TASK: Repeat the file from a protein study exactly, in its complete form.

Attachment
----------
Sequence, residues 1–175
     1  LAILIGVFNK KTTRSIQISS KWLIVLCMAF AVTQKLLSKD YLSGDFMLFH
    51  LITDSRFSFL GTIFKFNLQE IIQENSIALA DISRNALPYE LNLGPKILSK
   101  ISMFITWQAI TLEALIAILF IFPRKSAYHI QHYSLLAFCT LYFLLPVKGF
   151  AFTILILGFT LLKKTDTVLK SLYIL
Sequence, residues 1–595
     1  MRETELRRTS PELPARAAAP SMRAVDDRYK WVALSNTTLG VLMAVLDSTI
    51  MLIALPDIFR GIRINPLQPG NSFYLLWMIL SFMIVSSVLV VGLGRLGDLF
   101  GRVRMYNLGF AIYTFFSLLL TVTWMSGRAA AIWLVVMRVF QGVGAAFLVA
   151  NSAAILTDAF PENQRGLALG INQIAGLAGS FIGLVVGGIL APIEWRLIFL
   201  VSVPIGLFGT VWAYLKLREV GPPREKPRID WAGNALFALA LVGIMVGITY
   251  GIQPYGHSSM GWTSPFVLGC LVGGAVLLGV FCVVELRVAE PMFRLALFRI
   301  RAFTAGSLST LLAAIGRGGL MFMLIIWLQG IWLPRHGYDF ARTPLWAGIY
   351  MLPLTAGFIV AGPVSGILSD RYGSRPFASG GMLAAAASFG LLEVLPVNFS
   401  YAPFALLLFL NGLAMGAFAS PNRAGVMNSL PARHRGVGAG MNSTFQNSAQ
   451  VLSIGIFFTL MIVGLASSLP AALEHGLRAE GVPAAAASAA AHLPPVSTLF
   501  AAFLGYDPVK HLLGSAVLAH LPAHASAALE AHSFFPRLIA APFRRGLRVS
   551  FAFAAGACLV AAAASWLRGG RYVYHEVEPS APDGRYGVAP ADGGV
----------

Sequence, residues 1–175
     1  LAILIGVFNK KTTRSIQISS KWLIVLCMAF AVTQKLLSKD YLSGDFMLFH
    51  LITDSRFSFL GTIFKFNLQE IIQENSIALA DISRNALPYE LNLGPKILSK
   101  ISMFITWQAI TLEALIAILF IFPRKSAYHI QHYSLLAFCT LYFLLPVKGF
   151  AFTILILGFT LLKKTDTVLK SLYIL
Sequence, residues 1–595
     1  MRETELRRTS PELPARAAAP SMRAVDDRYK WVALSNTTLG VLMAVLDSTI
    51  MLIALPDIFR GIRINPLQPG NSFYLLWMIL SFMIVSSVLV VGLGRLGDLF
   101  GRVRMYNLGF AIYTFFSLLL TVTWMSGRAA AIWLVVMRVF QGVGAAFLVA
   151  NSAAILTDAF PENQRGLALG INQIAGLAGS FIGLVVGGIL APIEWRLIFL
   201  VSVPIGLFGT VWAYLKLREV GPPREKPRID WAGNALFALA LVGIMVGITY
   251  GIQPYGHSSM GWTSPFVLGC LVGGAVLLGV FCVVELRVAE PMFRLALFRI
   301  RAFTAGSLST LLAAIGRGGL MFMLIIWLQG IWLPRHGYDF ARTPLWAGIY
   351  MLPLTAGFIV AGPVSGILSD RYGSRPFASG GMLAAAASFG LLEVLPVNFS
   401  YAPFALLLFL NGLAMGAFAS PNRAGVMNSL PARHRGVGAG MNSTFQNSAQ
   451  VLSIGIFFTL MIVGLASSLP AALEHGLRAE GVPAAAASAA AHLPPVSTLF
   501  AAFLGYDPVK HLLGSAVLAH LPAHASAALE AHSFFPRLIA APFRRGLRVS
   551  FAFAAGACLV AAAASWLRGG RYVYHEVEPS APDGRYGVAP ADGGV